Idaho Biologist Describes Golden Eagle’s Journey From Alaska Arctic To Salmon River

By Idaho Fish and Game Wildlife Diversity Biologist, Joel Sauder

Many wildlife species need large landscapes to survive and thrive. Elk often summer at higher elevations and move 10-50 miles to find winter ranges at lower elevations. Songbirds that summer in Idaho can winter in the Southwest US, Mexico, or even further abroad. Wildlife make these movements without compass or GPS, just using the instincts they were born with. While we know these facts in our heads, we get jaded to them over time, because that is just the nature of our busy lives. But every once in while we get an opportunity to see them again for the first time, and we should be amazed.

Late this winter I got a call from Steve Lewis, a USFWS researcher based in Alaska. A transmitter he had deployed on a golden eagle had stopped moving outside of Grangeville and he was hoping I could recover it for him. Besides salvaging a valuable piece of equipment, knowing if the bird perished or if the transmitter was shed was important information. The most recent location transmitted showed it was on private land out towards Pine Bar. After making contact with the land owner, who not only gave permission to recover the transmitter but was excited to assist in the recovery effort, we ATV’ed as close as we could to the location and starting hiking. In the end, it turned out to be a pretty straightforward affair. The transmitter was right at the last reported location, still attached to the golden eagle, which looked like it just fell out of sky, with no clear cause of death.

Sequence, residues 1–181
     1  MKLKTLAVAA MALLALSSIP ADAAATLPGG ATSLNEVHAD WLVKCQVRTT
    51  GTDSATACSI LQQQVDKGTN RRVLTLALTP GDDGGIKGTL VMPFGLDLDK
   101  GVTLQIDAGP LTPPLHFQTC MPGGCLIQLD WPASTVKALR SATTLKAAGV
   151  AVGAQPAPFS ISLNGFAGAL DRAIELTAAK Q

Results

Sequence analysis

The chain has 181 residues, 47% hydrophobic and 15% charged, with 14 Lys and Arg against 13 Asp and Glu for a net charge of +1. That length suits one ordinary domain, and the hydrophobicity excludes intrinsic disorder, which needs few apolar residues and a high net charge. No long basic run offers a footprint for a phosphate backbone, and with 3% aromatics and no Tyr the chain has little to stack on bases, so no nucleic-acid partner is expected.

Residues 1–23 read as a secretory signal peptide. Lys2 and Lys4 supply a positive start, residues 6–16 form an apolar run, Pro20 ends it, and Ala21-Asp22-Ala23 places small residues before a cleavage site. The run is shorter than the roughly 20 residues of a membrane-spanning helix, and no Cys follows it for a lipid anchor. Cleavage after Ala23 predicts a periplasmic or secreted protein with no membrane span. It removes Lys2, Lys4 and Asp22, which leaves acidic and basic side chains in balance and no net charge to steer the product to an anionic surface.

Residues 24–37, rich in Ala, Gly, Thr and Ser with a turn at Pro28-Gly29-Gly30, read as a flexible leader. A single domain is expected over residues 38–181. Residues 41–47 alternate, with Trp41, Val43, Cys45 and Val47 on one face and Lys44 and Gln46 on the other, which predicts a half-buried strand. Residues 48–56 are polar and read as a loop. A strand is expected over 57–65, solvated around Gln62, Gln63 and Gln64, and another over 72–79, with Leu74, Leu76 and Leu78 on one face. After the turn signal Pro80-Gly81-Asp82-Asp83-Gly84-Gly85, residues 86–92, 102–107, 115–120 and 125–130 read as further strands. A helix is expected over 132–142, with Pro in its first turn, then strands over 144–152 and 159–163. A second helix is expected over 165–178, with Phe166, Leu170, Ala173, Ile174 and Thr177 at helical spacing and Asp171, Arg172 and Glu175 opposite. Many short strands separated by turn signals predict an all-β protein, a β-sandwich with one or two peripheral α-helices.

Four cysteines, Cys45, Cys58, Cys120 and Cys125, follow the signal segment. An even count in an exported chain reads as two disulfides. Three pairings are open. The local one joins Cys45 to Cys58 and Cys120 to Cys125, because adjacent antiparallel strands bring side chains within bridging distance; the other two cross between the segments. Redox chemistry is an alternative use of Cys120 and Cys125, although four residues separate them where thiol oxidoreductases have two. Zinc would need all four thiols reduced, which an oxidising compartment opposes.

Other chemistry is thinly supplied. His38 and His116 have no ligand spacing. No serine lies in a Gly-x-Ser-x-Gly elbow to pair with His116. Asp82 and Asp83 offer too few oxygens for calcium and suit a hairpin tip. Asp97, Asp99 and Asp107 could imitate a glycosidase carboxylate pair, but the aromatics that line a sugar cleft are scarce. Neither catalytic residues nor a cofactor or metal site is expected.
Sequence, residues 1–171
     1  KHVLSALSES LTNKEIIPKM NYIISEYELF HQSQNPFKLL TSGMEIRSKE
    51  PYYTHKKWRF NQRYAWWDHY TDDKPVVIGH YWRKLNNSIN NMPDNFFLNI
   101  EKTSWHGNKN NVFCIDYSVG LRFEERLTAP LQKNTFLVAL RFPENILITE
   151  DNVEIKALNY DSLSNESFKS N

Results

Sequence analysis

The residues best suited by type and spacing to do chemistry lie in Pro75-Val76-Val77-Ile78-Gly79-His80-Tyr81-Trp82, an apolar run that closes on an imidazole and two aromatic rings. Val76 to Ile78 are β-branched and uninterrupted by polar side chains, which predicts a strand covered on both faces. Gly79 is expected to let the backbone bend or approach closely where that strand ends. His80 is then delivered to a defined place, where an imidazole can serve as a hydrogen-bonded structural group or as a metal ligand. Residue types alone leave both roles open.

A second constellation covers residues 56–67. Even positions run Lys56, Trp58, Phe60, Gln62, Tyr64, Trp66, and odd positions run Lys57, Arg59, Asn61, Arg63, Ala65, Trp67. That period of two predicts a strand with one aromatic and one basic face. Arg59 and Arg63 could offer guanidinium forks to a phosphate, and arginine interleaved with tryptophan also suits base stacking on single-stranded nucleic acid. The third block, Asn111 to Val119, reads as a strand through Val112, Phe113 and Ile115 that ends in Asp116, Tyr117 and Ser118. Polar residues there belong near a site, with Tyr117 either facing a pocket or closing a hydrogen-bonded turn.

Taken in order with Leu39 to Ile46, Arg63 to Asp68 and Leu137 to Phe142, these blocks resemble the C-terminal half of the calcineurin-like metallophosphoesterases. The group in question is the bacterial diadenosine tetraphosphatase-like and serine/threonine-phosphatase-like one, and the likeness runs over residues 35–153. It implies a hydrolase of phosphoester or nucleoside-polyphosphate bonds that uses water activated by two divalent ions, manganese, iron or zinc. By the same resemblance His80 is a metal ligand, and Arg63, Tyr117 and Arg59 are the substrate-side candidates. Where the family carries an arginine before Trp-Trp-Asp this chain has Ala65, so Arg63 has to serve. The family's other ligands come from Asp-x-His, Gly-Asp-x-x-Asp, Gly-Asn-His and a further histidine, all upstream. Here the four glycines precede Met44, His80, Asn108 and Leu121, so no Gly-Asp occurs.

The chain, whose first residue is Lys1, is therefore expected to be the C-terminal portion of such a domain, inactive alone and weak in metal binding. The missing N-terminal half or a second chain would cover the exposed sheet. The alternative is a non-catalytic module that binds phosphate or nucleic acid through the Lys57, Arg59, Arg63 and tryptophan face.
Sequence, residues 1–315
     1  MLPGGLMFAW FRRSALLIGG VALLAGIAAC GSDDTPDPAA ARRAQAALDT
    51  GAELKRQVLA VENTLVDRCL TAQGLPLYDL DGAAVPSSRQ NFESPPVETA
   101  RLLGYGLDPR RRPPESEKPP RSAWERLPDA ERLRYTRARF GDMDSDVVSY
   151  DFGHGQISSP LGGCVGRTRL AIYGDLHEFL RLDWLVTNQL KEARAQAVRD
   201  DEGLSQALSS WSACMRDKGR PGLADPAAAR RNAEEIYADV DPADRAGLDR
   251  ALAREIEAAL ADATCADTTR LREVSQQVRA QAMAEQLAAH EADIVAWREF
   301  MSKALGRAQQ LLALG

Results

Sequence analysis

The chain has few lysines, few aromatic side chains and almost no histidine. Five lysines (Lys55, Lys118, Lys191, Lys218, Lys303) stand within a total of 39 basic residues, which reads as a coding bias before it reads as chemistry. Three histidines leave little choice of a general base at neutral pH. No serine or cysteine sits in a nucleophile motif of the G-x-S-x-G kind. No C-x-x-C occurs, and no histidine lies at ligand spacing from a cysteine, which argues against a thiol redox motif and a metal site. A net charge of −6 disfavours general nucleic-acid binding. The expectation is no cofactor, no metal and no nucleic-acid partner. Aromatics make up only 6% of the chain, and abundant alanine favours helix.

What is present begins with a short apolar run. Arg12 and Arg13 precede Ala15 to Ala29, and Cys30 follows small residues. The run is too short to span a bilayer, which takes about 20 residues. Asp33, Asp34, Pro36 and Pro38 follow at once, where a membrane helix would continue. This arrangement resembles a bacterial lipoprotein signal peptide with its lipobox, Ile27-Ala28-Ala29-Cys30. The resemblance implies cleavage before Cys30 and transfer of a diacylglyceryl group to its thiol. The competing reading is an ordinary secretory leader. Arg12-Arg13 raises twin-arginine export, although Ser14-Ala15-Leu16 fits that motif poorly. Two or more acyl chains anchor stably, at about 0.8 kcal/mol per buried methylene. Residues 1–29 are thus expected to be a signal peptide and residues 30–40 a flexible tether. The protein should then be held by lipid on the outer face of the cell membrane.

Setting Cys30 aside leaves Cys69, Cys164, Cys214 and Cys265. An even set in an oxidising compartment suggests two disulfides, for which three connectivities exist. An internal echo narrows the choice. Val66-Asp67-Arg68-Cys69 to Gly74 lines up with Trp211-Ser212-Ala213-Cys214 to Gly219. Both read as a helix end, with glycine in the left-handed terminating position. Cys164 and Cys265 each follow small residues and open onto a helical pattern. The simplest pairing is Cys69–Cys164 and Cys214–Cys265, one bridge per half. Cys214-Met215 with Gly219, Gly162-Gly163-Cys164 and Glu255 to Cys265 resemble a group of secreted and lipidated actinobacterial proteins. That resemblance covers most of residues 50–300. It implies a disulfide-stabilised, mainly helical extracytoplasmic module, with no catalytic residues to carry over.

This is where the story gets interesting. Back in the office, Steve sent me the data that had come from this bird. It turns out it fledged in 2017 in Denali National Park, where it had been caught by Steve. A solar powered transmitter mounted on its back via a lightweight harness. Then over two and a half years, the transmitter logged over 61,000 locations! In 2017 it left Denali National Park and wandered south, eventually ending up in southeast British Columbia. The summer of 2018 found it back in central Alaska, but come fall it made its way south again, this time ending up in Eastern Washington. In the summer of 2019, it ventured even further north, living on the North Slope, getting right to the edge of the Arctic Ocean. Then, over roughly a 4 month period, the eagle beelines south over 3000 miles, ending up in Idaho! ­

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We ended up sending the carcass to a lab for testing in hopes of learning the cause of death. Turns out the most likely cause was lead poisoning. There is no way to know when and where the eagle got the lead, but bullet fragments left in gut piles from harvested wildlife are a common source. This is a gloomy reminder that our local actions can have regional or global impacts.

Over its short 2.5 year life (eagles in the wild are known to live 15+ years), the bird flew in excess of 9,000 miles, spread across four states and two provinces. It is easy to assume the wildlife we see around us is just the local red tail hawk or a “town” deer. We have golden eagles that breed in Idaho, and for anyone that saw that bird it would be easy to assume it was a local bird. However, those assumptions are not always accurate. Wildlife often has needs that span scales we forget to appreciate and accommodate. And if we get a chance to step back and recognize this anew it is well worth it.

For further information about this eagle or the golden eagle research occurring in Alaska, please contact Steve Lewis at steve_b_lewis@fws.gov

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